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J Clin Epidemiol. 2015 Feb;68(2):200-10. doi: 10.1016/j.jclinepi.2014.09.001. Epub 2014 Nov 26.

Observational and clinical trial findings on the comparative effectiveness of diabetes drugs showed agreement.

Author information

1
Division of Endocrinology, Diabetes, and Metabolism, Department of Medicine, Weill Cornell Medical College, 525 E 68th Street, 20th Floor Baker Pavilion, New York, NY 10021, USA. Electronic address: jaf9052@nyp.org.
2
Department of Public Health, Weill Cornell Medical College, 425 E 61st Street, 3rd Floor, Suite 301, New York, NY 10065, USA.

Abstract

OBJECTIVES:

This study compares an observational study of diabetes treatment effectiveness to randomized controlled trials to assess their convergent validity.

STUDY DESIGN AND SETTING:

Multivariate models were developed using observational data to describe change in hemoglobin A1c (HbA1c; % unit) and weight (kilograms) after addition of a second-line oral diabetes drug to metformin monotherapy. Randomized trials of these scenarios were systematically identified. The models were used to simulate each trial, and simulated and actual results were compared by linear regression and meta-analysis.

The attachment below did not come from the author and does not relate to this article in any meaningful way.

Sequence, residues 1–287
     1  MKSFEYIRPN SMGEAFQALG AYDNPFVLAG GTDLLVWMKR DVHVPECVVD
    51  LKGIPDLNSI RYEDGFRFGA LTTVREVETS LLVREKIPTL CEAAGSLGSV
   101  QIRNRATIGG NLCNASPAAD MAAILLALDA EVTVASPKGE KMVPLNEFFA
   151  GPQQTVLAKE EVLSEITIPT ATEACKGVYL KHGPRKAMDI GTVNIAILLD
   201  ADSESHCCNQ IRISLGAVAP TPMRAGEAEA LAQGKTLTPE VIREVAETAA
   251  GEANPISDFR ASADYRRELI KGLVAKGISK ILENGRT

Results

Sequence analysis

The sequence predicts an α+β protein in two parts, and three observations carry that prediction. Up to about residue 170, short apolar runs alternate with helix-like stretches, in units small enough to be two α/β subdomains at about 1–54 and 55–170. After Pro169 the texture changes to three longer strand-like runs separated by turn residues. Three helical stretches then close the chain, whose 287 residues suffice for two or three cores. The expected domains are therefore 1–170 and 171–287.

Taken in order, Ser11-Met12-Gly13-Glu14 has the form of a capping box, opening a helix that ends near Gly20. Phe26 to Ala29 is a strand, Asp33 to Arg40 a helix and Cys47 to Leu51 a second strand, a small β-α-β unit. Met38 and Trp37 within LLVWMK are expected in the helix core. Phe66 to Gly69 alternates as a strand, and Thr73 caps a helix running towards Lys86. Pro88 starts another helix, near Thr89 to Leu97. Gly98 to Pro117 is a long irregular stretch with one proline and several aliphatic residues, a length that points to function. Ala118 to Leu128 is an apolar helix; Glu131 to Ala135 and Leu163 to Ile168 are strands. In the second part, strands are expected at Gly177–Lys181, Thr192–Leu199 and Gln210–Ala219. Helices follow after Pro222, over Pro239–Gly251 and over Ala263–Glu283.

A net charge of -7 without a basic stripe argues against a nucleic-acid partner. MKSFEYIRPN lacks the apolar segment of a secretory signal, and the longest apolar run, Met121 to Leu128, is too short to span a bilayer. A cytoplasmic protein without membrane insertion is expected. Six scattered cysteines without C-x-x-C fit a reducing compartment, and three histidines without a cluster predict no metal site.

RESULTS:

Thirty-two randomized trials of second-line diabetes oral therapy were identified. For all outcomes and drugs studied, simulation and actual results correlated (P < 0.001). There were no statistically significant differences between meta-analyzed randomized and simulated results for effect on HbA1c. For effect on weight, results were qualitatively comparable, but for sulfonylureas, the simulated weight gain was nominally greater than seen in the randomized controlled trials.

CONCLUSION:

An observational study of diabetes drug effectiveness showed convergent validity with randomized data. This supports cautious use of the observational research to draw conclusions about drug effectiveness in populations not studied in clinical trials. This approach may be useful in other situations where observational and randomized data need integration.

KEYWORDS:

Comparative effectiveness data; Diabetes; HbA1c; Pharmacoepidemiology; Validation; Weight

PMID:
25432086
PMCID:
PMC4349393
DOI:
10.1016/j.jclinepi.2014.09.001
[Indexed for MEDLINE]
Free PMC Article

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